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Thread: Why?

  1. #1
    Alleydog is offline
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    Default Why?

    Do kenpoist want to:

    • worship Mr. Parker. (the whole cult thing.)
    • Traditionalized his and their kenpo

    Honor him for what he gave us donít worship him. He wouldnít have wanted it anyway.
    I kills me when I see many in EPAK doing just that by rationalizing the system.
    Mr. Parker himself wanted this system to be in a constant state of refinement.
    He laid down the ground work to create, refine, and evolve. Mr. Parker gave us something greater than a bunch of techniques, basic, forms, and principles. He gave us a vehicle to explore and expand on this system of kenpo. And by expand I mean mentally. See it isnít the number of techniques your studying itís the quality of the system as a whole. A living system that needs to change. Yep, that is a lot thought and work but it is worth it to keep kenpo pushing the envelope.
    What if Parker shared your views? We would be doing Chowís kenpo.
    Look no offence but if you what to do traditional kenpo do it. I chose the path I learned from Mr. Parker and Mr. Mills.

    Yours in Kenpo,

    Mike Guercio
    AKKI Westminster, MD

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    Default Re: Why?

    Evolving when needed is expected and good, evolving or more often throwing out something one instructor may think is usueless is robbing students of a valuable opportunity to learn. Too often instructors find something they don't like and remove it form the system thus robbing their students of the opportunity they themsleves had. It doesn't matter how much you add to the system, everytime you take something away you are stealing from future generations.
    Quality outweighs quantity every time.

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    Default Re: Why?

    I think the focus on "techniques" and/or the number of how many are taught clouds the issue. When Chuck Sullivan first studied with Ed Parker there were only 34 techniques in the system. Today, different schools teach different numbers of techniques along with diversified versions of established main-stay techniques like Delayed Sword for instance.

    I have always held that Kenpo is about the principles and science, the effectiveness and practicality of the art. Hypothetically speaking, I could sit down and come up with 1000's of techniques all sound in principle and effeciency. What's the point??

    I think the focus should be on wheather or not a school, organization, or whatever teaches the principles that the techniques of Kenpo are based on. Eventually, every student should come into their own and what they execute in the street will be of their own "design" anyway. Know what I mean?

    IMHO.
    "It is sobering to reflect that one of the best ways to get yourself a reputation as a dangerous citizen these days is to go about repeating the very phrases which our founding fathers used in the struggle for independence." Ė Charles A. Beard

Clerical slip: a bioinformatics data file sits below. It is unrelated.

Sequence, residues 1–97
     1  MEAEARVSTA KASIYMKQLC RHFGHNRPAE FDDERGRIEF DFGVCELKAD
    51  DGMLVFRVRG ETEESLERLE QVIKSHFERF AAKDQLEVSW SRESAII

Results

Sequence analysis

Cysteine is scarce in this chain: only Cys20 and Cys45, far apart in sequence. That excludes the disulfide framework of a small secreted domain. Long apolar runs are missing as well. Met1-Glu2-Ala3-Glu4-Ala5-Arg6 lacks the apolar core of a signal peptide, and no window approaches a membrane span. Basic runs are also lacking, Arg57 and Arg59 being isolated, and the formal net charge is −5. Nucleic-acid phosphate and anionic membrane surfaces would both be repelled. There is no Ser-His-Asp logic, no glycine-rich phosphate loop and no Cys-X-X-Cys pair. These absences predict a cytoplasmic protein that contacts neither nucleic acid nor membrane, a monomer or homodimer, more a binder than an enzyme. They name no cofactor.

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    Alleydog is offline
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    Default Re: Why?

    Well, remeber Parker also took away, removed techs., removed sets and changed and removed forms.
    Do you think that Tracy Kenpo is better because it has more?
    And be honest. Either way that is up to you.

    I feel it ainít about the volume, it is the principles. If the students movement quality and knowledge can be expand with efficiency then again why not change.

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    Default Re: Why?

    The techniques that were originally written out (roughly 600) were things like upward block, reverse punch or low block, front kick. They were very simplistic and effective in a limited capacity. They were no where near the level of what was developed later. The forms Parker temporarily put into the system like Tiger & Crane, Tam Tui etc... where later removed for forms that were created to promote the principles and concepts that Parker envisioned for the art.

    I love to see things added to the art to help it grow and expand, what I hate to see is when someone takes something out because they can not see a use for it, When that happens they rob someone of an opportunity to learn something that they themselves learned. The reason some of these guys are so good is because of the minor lessons they learned in material that has been removed, those minor lessons often support major lessons and principles.

    As for what is better that all boils down to the individual and what they are looking for. Personally I prefer EPAK because of the Equation formula.
    Quality outweighs quantity every time.

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    Default Re: Why?

    Wow. This is going to be a "hot topic". I have my opinions, but I'm celebtating al-Zarqawi's death. I'll be back.

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    Default Re: Why?

    Shouldn't all Kenpoist utilize and teach the equation formula? That's one of the first principles I ever learned.

    Let's talk about the equation forumla and it's relationship to techniques. If properly used, the equeation formula can be used to turn one solid technique into several. That being said; why should the number of techniuqes contiained in any one school's syllabus define "how" kenpo they are? If the equation formula is part of that syllabus along with some very good techniques that encompass other kenpo principles why should they be viewed as inferior or not being "kenpo" in some way?